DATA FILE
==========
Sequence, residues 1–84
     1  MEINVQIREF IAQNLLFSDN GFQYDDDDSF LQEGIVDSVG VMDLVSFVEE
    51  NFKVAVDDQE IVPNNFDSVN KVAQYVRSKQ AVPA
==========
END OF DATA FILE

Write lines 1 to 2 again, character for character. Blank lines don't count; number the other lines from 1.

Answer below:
Sequence, residues 1–84
     1  MEINVQIREF IAQNLLFSDN GFQYDDDDSF LQEGIVDSVG VMDLVSFVEE